Our results indicate that even in the absence of explicit stimulus motion, observation of static photographs of human actions with implied motion produces a clearly greater cortical activation than observation of static images of less dynamic actions. ERP analysis showed that the motor content of the photographs exerted a strong effect, with a much larger positivity at all scalp sites (ranging from 350 to 600 ms in latency) in response to dynamic/effortful than to less effortful (static) actions. Since the pictures were balanced for other types of perceptual parameters except the degree of implicit biological motion represented, and the observers were engaged in a secondary target detection task, the data suggest a strong effect of implied motion on the amplitude of the ERPs.
The swLORETA linear inverse solution computed on the dynamic-minus-static difference wave in the time window corresponding to the ascending phase of late positivity (380–430 ms) showed activation of a series of regions belonging to the action and motion representation systems, namely: V5/MT, EBA, STS, premotor and motor areas, and cingulate IF cortex. In the next temporal window (430–480) V5/MT, motor and premotor areas were no longer activated (more to dynamic than static pictures), while cingulate activation was increased along with the inferior frontal and orbitofrontal cortices, possibly suggesting a switch from a sensory-motor code for action representation to a more abstract cognitive/affective code for representing visual information.
The activation of motor areas when viewing implicit biological motion is fully consistent with previous literature 
on implied body actions, providing evidence of the brain's ability to extract motion information from static images. In particular, Urgesi and coworkers, using single-pulse transcranial magnetic stimulation, found that the mere observation of static snapshots of hands suggesting a pincer grip action induced greater corticospinal excitability than observation of resting, relaxed hands, or hands suggesting a completed action.
In our study, the greater activation of BA19 for dynamic than for static actions indicates involvement of area V5/MT, which has been shown to respond not only to real motion 
but also to implicit 
and illusory 
motion. Similarly, the greater activation of the STG, cingulate and extrastriate body area (EBA) regions for processing more dynamic actions suggests that they have a role in biological motion and action representation, as indicated by many studies on the mirror neuron system (MNS) in humans 
The EBA, located in the lateral occipitotemporal cortex (BA37), was first reported to respond selectively to visual images of human bodies or body parts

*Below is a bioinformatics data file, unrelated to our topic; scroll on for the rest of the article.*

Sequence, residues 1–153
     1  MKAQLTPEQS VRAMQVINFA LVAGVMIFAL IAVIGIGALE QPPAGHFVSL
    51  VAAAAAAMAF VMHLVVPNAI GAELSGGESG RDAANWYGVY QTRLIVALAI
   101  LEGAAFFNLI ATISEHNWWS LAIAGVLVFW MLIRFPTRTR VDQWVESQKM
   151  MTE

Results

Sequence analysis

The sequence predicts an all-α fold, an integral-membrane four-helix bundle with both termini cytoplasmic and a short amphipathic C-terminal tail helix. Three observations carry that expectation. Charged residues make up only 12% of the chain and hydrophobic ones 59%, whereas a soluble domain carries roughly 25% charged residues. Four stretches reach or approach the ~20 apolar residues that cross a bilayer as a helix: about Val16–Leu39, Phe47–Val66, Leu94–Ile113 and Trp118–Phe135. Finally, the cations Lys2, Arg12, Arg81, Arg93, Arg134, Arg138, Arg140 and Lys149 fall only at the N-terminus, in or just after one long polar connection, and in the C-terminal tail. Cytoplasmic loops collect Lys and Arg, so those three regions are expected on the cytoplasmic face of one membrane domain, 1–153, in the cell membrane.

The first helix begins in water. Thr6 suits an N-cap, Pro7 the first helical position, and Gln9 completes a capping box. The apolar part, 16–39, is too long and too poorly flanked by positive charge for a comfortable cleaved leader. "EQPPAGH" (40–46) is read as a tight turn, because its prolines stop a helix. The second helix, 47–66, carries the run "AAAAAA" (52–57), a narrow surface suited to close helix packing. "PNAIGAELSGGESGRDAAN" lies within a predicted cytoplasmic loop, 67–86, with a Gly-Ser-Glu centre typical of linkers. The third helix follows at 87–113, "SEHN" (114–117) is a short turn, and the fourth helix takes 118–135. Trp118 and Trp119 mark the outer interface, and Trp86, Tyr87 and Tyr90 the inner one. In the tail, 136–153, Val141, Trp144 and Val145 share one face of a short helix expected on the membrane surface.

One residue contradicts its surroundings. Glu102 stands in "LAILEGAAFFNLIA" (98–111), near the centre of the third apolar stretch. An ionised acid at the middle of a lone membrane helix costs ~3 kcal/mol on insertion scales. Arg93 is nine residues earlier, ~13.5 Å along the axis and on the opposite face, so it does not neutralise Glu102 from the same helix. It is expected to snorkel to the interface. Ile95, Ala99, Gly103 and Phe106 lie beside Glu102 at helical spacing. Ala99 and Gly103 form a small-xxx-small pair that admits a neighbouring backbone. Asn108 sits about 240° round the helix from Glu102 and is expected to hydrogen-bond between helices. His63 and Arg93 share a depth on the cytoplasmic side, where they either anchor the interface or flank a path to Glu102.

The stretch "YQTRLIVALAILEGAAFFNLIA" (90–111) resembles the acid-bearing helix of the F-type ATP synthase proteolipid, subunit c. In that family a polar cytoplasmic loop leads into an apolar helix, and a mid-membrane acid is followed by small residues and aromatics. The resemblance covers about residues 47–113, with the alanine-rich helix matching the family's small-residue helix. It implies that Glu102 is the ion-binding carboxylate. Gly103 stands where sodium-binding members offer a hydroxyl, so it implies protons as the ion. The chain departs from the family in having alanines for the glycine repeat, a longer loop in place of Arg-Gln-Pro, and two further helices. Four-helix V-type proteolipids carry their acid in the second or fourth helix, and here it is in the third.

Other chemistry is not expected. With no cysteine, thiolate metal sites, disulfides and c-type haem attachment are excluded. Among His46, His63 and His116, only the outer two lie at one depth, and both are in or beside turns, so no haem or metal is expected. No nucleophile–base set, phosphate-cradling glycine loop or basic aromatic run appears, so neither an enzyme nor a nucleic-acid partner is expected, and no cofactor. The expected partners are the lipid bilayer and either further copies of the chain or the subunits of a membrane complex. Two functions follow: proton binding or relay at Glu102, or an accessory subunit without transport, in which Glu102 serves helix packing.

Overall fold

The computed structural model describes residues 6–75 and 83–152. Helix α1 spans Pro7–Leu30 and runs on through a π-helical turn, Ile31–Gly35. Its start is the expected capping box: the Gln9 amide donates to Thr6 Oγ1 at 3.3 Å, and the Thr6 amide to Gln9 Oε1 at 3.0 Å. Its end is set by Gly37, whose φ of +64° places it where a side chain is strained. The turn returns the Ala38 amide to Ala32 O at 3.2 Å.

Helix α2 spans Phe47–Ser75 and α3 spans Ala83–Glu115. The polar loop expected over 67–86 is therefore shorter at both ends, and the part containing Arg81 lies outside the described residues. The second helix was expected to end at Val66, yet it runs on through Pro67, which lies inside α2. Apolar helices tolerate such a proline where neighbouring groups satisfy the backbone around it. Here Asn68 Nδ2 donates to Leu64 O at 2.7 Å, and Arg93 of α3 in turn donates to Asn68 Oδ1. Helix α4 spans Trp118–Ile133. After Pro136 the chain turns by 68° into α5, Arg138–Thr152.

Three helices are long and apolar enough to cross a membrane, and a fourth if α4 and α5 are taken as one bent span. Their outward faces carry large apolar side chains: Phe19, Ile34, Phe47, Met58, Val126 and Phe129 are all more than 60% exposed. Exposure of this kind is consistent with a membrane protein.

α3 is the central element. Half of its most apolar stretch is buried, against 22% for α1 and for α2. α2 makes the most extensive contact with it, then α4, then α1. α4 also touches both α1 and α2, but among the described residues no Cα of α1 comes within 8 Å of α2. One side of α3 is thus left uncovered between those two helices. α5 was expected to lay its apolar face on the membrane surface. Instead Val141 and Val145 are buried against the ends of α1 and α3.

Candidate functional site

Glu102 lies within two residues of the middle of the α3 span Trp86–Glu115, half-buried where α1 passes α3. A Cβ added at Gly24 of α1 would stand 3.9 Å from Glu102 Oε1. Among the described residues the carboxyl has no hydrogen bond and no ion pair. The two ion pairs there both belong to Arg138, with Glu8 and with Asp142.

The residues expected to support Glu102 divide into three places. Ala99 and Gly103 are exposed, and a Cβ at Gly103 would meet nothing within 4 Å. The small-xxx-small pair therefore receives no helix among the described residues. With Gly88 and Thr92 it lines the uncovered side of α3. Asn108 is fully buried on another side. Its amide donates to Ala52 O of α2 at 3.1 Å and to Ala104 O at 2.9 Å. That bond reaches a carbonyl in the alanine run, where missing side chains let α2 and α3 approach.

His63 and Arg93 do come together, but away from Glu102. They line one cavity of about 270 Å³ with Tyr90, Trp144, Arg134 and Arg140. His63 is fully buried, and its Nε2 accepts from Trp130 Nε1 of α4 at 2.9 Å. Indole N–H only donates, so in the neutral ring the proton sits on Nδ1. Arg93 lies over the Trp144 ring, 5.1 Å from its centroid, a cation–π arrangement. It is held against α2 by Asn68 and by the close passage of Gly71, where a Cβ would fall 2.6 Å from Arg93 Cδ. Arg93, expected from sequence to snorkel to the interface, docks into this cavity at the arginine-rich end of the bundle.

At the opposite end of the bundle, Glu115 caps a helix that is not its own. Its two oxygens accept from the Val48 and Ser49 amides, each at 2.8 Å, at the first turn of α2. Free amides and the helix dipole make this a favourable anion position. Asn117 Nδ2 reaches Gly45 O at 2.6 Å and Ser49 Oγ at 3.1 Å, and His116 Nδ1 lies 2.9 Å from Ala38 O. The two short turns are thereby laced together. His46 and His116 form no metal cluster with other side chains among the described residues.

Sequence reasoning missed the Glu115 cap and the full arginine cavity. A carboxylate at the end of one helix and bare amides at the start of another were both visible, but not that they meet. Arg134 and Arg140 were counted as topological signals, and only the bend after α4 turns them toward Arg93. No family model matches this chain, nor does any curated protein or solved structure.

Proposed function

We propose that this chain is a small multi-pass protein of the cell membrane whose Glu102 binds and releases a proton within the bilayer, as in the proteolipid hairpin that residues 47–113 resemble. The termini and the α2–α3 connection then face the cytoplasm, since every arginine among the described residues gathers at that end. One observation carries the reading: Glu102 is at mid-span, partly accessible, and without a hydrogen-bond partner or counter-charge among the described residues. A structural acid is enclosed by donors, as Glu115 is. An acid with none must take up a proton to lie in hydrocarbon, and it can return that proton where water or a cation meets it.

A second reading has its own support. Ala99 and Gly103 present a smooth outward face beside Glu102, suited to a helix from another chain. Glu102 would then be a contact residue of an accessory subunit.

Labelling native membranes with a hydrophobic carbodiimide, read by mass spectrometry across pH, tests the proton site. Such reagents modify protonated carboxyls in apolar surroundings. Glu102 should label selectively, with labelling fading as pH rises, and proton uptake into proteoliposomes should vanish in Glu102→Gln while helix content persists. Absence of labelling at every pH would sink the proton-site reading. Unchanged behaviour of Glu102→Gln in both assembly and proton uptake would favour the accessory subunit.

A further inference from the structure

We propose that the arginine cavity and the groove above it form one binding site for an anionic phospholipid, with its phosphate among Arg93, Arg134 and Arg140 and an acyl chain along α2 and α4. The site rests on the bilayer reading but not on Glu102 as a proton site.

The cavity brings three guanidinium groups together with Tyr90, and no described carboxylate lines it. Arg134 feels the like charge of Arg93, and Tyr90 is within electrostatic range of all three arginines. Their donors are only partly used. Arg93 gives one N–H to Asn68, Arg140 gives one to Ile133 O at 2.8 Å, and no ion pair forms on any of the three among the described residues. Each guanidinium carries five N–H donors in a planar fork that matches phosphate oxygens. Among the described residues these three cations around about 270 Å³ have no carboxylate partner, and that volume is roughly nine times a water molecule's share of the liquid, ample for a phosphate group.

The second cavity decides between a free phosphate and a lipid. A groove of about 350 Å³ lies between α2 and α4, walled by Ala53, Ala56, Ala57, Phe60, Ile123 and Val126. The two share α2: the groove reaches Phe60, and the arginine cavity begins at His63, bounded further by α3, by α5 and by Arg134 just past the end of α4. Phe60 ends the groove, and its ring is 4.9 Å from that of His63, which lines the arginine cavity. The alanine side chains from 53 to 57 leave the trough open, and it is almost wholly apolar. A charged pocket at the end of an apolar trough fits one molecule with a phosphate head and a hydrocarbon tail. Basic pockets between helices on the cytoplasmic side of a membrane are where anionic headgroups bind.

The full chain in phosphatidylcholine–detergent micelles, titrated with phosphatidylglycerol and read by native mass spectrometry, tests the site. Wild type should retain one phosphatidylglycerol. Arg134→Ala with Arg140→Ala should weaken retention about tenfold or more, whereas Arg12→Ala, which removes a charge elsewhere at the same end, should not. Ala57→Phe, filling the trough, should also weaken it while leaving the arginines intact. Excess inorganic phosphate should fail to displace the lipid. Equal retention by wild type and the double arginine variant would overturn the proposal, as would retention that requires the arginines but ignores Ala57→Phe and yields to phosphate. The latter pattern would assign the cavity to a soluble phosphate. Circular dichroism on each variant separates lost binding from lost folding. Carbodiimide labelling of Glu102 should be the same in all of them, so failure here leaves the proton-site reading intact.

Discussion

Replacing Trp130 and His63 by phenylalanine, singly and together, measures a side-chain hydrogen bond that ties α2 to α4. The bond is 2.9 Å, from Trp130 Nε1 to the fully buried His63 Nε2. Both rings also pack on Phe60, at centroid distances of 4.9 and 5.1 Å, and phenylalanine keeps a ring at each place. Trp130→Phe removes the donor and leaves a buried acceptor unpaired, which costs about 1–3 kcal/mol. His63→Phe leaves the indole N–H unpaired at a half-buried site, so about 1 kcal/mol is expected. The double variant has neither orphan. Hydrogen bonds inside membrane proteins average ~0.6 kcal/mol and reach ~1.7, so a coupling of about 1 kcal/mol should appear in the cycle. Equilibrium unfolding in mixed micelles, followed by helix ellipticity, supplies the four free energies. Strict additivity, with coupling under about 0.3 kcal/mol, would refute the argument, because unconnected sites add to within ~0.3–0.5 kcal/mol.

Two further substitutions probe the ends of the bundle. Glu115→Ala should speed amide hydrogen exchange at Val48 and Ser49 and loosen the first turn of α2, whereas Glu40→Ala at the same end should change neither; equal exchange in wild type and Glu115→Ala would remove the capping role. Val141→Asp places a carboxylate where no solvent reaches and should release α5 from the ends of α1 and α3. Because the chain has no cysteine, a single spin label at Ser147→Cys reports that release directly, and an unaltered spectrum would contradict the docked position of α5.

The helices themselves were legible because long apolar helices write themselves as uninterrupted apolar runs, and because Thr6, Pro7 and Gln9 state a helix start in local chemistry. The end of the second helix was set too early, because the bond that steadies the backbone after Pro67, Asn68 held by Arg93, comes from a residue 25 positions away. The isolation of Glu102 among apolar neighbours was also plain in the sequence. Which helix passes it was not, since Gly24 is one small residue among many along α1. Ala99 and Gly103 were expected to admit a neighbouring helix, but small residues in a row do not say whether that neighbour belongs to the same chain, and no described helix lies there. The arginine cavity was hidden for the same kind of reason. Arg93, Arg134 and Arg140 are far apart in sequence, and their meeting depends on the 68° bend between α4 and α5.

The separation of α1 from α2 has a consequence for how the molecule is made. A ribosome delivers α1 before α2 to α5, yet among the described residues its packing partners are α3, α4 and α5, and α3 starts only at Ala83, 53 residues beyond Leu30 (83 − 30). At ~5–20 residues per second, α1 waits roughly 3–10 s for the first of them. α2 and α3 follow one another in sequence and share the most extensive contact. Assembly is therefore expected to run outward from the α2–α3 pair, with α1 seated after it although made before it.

. Later it was shown that the EBA responds not only during the perception of other people's body parts, but also during goal-directed movements of the observer's body parts 
. fMRI studies using point-light animations of biological motion showed that viewing biological motion selectively activates the posterior superior temporal sulcus (STSp) 
. The role of the EBA in the perception of body motion is not really clear, since for example in one of these studies 
it was found that BOLD responses to whole bodies in motion and to images of stationary, headless bodies were equivalent in the EBA but not STS regions, which were selectively driven by the dynamics of the human form.
In our study, the finding of brain regions devoted to motion and action processing supports the hypothesis that implied motion was the crucial factor in determining a difference in brain activation between the two conditions. However, it cannot be excluded that other possible confounding factors such as attraction, emotional valence, preference and interest might have contributed to determine a greater amplitude of LP to dynamic vs. static pictures, or to induce specific sex differences. At this regard, two additional LORETAs performed separately in women and men relative Tailarach coordinates of significant activations are reported as Supplementary material in Fig. S1
and Table S1
. Overall, the results suggest that men exert a higher degree of neuronal mirror activity to movement related pictures (either for evolutionary and/or cultural reasons), whereas women showed a strong visual interest for all human figures 
Overall, the present electrophysiological and swLORETA source reconstruction findings provide evidence of greater activation of the EBA, V5/MT, STG (BA38), motor (BA4) and premotor (BA 6) areas in response to effortful (dynamic) than static actions, thus suggesting a stronger response of the corresponding mirror neurons to implicit motion 
. This pattern of results may provide the cortical counterpart to the autonomic response described in previous physiological literature 
, suggesting an interesting correlation in perfectly still observers between greater effortfulness of observed actions and increased respiration and heart rates.
The sex difference in cortical sensitivity to dynamic actions, consisting in a finer discriminative response of the LP in males than females, might possibly be ascribed to a difference of cultural origin (but probably not entirely). In any case, it might reflect a men preference for highly dynamic actions depicting intense muscular activity, or a sporty context.